A more minor pet peeve is when I get two or three independent sales reps for the same product line calling me from out of the blue telling me that they are now my rep. Ninety percent of the time I have a very good working relationship with another independent rep and have no interest in changing, and you aren’t going to trick me into working with you by simply telling me that you are my rep now.
Maine Historical Society
I find it frustrating when a new vendor or rep visits me and doesn’t know what kinds of things I sell in the museum store. We are an historic house museum and when the rep tries to sell me dinosaur merchandise or science kits, it is clear that they have not done their homework!
Also, when a rep is replaced by someone new, it would be nice if they would review my buying history with the previous rep and become familiar with the types of things I buy. It would save time and create a feeling of continuity. I usually suggest a tour of the museum shop when a new rep or vendor is visiting — just so they can get a sense of what we are about!
St Francis Hospitals
Beech Grove, IN
I think my biggest frustration is not receiving a copy of the order before the merchandise gets here. It takes so much longer to get it checked in and put out if I haven’t already done a purchasing order for it. I also have a message on my phone stating that ‘I’m not seeing vendors, so please don’t leave a message,’ but every day I get multiple messages left on it anyway.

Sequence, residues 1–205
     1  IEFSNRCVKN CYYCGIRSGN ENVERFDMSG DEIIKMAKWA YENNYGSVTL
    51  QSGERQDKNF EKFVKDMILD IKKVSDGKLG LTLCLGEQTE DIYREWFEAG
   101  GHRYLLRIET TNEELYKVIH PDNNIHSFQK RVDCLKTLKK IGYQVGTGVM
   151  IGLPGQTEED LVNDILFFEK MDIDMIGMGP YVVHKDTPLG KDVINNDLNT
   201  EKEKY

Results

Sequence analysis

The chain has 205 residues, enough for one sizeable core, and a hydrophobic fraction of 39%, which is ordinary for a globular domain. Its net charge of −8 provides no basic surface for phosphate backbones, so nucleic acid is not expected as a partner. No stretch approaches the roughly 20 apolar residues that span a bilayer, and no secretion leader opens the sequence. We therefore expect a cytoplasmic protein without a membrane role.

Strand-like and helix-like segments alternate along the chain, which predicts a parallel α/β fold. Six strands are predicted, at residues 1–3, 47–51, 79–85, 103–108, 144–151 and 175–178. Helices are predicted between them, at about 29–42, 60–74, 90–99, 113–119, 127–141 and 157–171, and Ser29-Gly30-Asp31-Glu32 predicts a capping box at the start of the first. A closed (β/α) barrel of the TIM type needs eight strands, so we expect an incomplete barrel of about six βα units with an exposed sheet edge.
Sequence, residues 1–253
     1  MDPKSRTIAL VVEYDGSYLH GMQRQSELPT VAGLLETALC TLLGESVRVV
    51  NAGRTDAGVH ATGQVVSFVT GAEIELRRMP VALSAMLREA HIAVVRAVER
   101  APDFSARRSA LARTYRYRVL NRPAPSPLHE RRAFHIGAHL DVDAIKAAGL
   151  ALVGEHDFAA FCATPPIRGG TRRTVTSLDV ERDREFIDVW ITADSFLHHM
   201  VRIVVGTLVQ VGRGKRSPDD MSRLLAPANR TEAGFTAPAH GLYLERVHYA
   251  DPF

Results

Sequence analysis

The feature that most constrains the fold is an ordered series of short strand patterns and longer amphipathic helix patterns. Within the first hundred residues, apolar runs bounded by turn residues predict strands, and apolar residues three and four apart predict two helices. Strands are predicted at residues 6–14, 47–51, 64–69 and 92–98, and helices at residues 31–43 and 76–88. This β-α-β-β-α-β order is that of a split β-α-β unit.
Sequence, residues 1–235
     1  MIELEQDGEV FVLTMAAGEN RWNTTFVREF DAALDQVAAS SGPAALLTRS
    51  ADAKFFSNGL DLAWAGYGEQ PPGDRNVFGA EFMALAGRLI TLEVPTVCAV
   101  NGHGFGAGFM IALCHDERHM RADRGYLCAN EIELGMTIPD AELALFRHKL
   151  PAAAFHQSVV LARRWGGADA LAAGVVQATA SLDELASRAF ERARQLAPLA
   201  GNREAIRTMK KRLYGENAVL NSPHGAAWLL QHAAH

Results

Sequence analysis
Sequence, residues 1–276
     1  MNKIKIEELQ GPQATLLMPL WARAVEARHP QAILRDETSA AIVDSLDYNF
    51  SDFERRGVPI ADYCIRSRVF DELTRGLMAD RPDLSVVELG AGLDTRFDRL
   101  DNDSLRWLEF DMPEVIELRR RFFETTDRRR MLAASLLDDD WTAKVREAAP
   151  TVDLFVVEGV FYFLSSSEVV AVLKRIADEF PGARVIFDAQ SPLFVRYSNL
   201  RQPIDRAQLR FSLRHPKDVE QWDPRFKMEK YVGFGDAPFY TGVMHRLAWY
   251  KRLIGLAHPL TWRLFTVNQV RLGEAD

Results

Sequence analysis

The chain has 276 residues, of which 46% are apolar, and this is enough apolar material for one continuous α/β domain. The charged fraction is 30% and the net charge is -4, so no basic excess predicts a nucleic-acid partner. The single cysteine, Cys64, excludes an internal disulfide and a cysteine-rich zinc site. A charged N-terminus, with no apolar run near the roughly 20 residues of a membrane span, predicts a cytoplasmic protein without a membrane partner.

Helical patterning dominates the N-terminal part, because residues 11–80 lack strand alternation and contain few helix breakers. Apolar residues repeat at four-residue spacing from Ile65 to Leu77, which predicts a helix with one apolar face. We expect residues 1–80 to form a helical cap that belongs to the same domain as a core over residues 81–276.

Last but not least are companies that don’t invoice in a timely fashion and then want to add on overdue charges. I really appreciate my vendors that go out of their way to help me get what I need, in the quantity I need and when I need it.
WindSmith Museum Store
Being a small specialty gift shop with not much store room area, I find that vendors who require large quantity purchases are the most frustrating for us. I can handle two or three dozen of an item, but when they tell me I have to order 250, that puts them out of our reach. If they can handle $100 to $150 minimum purchases, then that is a vender we can work with.
The next is the vendor who calls you and just wants to tell you about today’s special of 500 widgets, and if you tell them you’re not interested, then they have 300 of another widget. If you say no, then there’s 250 of this widget, etc. and they won’t take no or for an answer. Sometimes I have to almost be rude to get off the phone with the representative.